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Thread: Ar-r-r-g

  1. #31
    Super Member coopah's Avatar
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    Quote Originally Posted by shawnan View Post
    I'm not sure of the model, but Pfaff has a machine on sale through December for $599. If you have a dealer close you might check with them. That seems like a reasonable price and looked like a nice machine when I glanced at it at my dealers. I'm not in the market so I didn't look very close.
    Pfaffs don't like pins,either. Ask how I know.
    "A woman is like a tea bag-you can't tell how strong she is until you put her in hot water." Eleanor Roosevelt

  2. #32
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    I use to sew over pins but no more. Several years ago I hit a pin and it broke and the point flew up and hit me just under my eye. Think about it!!!!!!!!

  3. #33
    Super Member QultingaddictUK's Avatar
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    Quote Originally Posted by ckcowl View Post
    sorry -- but the best remedy is to remove pins before you get to them! it is dangerous and never a good idea to run over pins- regardless of what machine you are using- no point buying a new machine if you are going to continue to do the same thing over & over.
    Couldn't agree more, besides the safety issue NO machine will stand that sort of use.

  4. #34
    Super Member donnajean's Avatar
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    I use "silk" pins when I really want a seam to match. They are so thin that I have never had a problem sewing over them with my Vikng Rose. I'm a perfectionist, so I pin & pull the glass head pins right before getting to them.

  5. #35
    Super Member MaryAnnMc's Avatar
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    It's been said all ready, but I'll say it again: glue, glue, glue!!! As long as it's Elmer's washable school glue. You'll wonder why you didn't switch years ago.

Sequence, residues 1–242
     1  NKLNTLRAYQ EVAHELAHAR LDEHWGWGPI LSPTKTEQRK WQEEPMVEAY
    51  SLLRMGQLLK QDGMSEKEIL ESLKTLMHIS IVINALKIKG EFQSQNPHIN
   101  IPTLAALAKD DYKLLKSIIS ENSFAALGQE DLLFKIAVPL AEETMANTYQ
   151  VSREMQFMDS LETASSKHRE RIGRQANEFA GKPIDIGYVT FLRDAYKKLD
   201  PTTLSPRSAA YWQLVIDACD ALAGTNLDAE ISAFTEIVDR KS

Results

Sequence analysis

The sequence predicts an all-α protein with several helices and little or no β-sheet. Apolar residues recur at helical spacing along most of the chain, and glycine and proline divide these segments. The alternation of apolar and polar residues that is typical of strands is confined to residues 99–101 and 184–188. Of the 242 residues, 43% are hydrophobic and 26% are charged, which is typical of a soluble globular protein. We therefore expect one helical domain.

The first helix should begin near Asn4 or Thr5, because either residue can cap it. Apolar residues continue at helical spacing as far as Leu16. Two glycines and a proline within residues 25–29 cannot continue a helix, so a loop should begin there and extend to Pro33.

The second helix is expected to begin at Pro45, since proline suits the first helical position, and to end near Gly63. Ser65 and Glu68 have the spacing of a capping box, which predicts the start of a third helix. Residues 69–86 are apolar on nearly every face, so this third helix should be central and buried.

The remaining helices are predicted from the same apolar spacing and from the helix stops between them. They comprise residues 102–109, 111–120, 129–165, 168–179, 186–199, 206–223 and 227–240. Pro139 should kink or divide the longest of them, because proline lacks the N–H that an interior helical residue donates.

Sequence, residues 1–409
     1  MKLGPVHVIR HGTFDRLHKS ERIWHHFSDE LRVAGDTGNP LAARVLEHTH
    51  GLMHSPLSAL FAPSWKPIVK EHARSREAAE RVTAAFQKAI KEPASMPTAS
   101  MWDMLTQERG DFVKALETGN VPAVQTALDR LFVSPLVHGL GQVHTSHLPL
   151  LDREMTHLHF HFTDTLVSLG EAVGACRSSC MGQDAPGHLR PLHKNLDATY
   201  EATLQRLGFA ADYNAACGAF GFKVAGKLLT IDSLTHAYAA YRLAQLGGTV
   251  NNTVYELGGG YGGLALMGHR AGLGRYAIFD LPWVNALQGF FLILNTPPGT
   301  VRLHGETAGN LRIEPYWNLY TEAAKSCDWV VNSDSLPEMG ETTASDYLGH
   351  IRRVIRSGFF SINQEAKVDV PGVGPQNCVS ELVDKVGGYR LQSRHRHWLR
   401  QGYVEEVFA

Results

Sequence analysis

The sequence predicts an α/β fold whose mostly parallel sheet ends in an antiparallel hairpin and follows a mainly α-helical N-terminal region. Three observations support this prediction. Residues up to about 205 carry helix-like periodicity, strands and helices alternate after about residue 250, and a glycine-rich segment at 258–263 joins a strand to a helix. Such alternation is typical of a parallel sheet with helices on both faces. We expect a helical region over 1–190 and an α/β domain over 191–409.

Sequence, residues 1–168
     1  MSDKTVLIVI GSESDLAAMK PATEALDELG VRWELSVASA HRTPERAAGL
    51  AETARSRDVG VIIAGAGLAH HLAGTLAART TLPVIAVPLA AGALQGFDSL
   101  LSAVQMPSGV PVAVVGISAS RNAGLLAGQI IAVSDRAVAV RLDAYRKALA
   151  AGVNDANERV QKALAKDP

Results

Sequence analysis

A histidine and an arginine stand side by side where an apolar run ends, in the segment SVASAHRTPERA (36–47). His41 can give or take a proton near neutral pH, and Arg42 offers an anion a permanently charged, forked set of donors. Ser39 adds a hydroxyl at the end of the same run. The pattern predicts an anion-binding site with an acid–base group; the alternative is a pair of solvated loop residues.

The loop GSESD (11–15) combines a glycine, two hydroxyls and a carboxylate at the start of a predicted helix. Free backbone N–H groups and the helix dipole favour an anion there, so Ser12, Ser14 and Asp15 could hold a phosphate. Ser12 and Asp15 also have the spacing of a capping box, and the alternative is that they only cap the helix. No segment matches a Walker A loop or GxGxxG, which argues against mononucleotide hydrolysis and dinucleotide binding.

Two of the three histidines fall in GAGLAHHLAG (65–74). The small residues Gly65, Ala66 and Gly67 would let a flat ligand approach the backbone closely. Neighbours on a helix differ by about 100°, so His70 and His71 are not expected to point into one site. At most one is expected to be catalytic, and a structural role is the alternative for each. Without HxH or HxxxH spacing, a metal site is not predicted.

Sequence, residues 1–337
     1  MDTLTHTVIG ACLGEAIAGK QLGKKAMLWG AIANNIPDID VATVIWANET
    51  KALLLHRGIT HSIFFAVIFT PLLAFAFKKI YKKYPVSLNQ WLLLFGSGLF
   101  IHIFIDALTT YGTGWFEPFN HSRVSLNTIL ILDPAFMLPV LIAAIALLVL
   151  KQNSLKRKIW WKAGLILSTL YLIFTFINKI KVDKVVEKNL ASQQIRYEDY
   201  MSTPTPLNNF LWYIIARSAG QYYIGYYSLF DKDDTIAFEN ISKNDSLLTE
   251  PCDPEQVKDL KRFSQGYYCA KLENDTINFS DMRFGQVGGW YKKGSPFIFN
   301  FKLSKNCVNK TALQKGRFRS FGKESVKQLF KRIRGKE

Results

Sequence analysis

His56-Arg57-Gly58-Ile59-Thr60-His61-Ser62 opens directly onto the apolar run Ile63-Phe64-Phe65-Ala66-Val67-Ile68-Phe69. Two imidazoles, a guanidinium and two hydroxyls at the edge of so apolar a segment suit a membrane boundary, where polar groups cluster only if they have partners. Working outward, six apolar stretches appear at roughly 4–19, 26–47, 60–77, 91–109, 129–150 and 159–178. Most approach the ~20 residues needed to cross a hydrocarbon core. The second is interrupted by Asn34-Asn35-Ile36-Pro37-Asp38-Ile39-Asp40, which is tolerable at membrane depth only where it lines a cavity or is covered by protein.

aka Chicken McLittle

    If it's true we learn from our mistakes, I'm going to be a genius!

  6. #36
    Super Member hperttula123's Avatar
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    You can throw any machine out of alignment for hitting pin. I have a Husky that is almost 20 years old and the only thing that has gone wrong with it is once the bobbin case had to be replaced. I think it would be cheaper to just pull the pins out.
    enjoy your life...it's the only one you have!!!
    Heather

  7. #37
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    My experience has been that you can sew over pins if you want, but you run the risk of throwing your machine out of time and it is expensive to have to run it to the shop (100 miles away) to get it fixed so I really try to be very careful about sewing over pins, since I have had to take my 10 year old Pfaff in twice for that very issue.

  8. #38
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    I agree with using the school glue, but I sew over pins all the time. I try to take them out, but there is always one I didn't see in there somewhere. I put the pins in so that only the point is in the seam allowance, but once in a while I have sewn right through the middle of a pin and it came out bent in half. Didn't seem to hurt my machine any. I don't remember doing that with my computerized Bernina, though. That's good. I'll try not to.
    Mavita - Square dancer and One Room School Teacher

  9. #39
    Junior Member lizzieann's Avatar
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    They have Juki's on hsn.com on flex pay.
    lizziebeths.blogspot.com

  10. #40
    Junior Member helenhiwater's Avatar
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    C'mon guys

    Quote Originally Posted by ckcowl View Post
    sorry -- but the best remedy is to remove pins before you get to them! it is dangerous and never a good idea to run over pins- regardless of what machine you are using- no point buying a new machine if you are going to continue to do the same thing over & over.
    I only sew with pins when working with curves, and yes I do slow down unless I am in a hurry to finish a project and get excited. In this case, I was working with narrow satin ribbon which gets all goopy with glue. My Husky worked perfectly for 10 years until the last six months when I made the same mistake twice. Yard sales and the old mechanicals are a good idea. Where do you put that allen wrench?
    every cloud has a silver lining but sometimes it is hard to get to the mint

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